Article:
Monday, December 14, 2009

In which I invent the term Fractured homophone.

This two stanza poem, by me, "Ode to Bookstore and Dinner Out, in Spring," is a fractured homophone of the two final stanzas of Keats' majestic "Ode to Autumn."


Ode to Bookstore and Dinner Out, in Spring


The author haunts inside the stone store,

brick and mortar. I look for her to find,

caressing pages on a beige/blue carpet floor,  

her soft hair lifted by no window but by the wind

of a door revolving.  Others are found asleep,  

drowsy in fumes of coffee, as piped songs hook    

like twilight shadows of twin-stalked flowers crook

an urban elder.  Old New Yorker.  A gleaner keeps 

re-shelving.  Kids returning.  Laden cart, each book

confected by a press, with painted look,    

pimps my loyal roost. Each someone’s child.

You’d think I rooster, hour by hour, but I run.


Here is hungry Spring. When are harvest days?

Don’t think of them, we have our corner diner too.

Above dinner, tight clouds vice to a shatter or a fake.

No way in this wet season to not begin to be.

“See, son, rivers, Hudson, Seine, Tigris, mourn  

that human fish who hopes moss only grows north.”    

Over-thinking our clues to what lives or dies

is frowned on by my cool-bodied gulls just born.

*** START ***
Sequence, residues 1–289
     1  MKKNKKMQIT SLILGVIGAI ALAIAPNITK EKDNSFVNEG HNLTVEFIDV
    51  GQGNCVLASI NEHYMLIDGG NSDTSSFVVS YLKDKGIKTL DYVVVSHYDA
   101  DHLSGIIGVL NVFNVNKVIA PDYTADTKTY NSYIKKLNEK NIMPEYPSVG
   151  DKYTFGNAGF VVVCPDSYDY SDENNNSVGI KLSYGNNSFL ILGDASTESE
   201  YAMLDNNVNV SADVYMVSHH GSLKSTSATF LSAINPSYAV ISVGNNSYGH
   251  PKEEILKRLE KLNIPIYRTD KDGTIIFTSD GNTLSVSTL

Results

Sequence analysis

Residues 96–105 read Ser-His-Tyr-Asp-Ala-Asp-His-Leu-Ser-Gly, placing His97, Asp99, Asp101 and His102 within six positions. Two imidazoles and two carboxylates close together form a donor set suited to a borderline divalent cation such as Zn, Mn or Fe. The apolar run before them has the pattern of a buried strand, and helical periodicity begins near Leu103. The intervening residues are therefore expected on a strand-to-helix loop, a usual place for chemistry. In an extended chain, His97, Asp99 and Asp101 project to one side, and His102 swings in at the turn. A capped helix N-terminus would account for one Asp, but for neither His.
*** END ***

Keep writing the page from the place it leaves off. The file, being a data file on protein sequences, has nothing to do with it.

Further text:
Idol contestants sing; and now with treble soft  

your waitress whistles at a sketch of Lara Croft,    

as, outside, bluebirds dive bomb from the skies.

Who hath not seen thee oft amid thy store?
Sometimes whoever seeks abroad may find 
Thee sitting careless on a granary floor, 
Thy hair soft-lifted by the winnowing wind;  15
Or on a half-reap'd furrow sound asleep, 
Drowsed with the fume of poppies, while thy hook 
Spares the next swath and all its twinèd flowers: 
And sometimes like a gleaner thou dost keep 
Steady thy laden head across a brook;  20
Or by a cyder-press, with patient look, 
Thou watchest the last oozings, hours by hours. 
Where are the songs of Spring? Ay, where are they? 
Think not of them, thou hast thy music too,— 
While barrèd clouds bloom the soft-dying day  25
And touch the stubble-plains with rosy hue; 
Then in a wailful choir the small gnats mourn 
Among the river-sallows, borne aloft 
Or sinking as the light wind lives or dies; 
And full-grown lambs loud bleat from hilly bourn;  30
Hedge-crickets sing; and now with treble soft 
The redbreast whistles from a garden-croft; 
And gathering swallows twitter in the skies.

1 comment:

Peter Harter said...

When I read this poem I was listening to Monk's Dream by Thelonious Monk (at lala). You ought to try it. Two thoughts went through my head. Have you read Mina Loy lately? And the second thought was "Why does my brain always reference poets from the modern period when reading JMH?" And the answer may be that JMH has a lot in common w/ modern poets, esp. new york poets--in that metropolitan, salon visiting ear before WW1.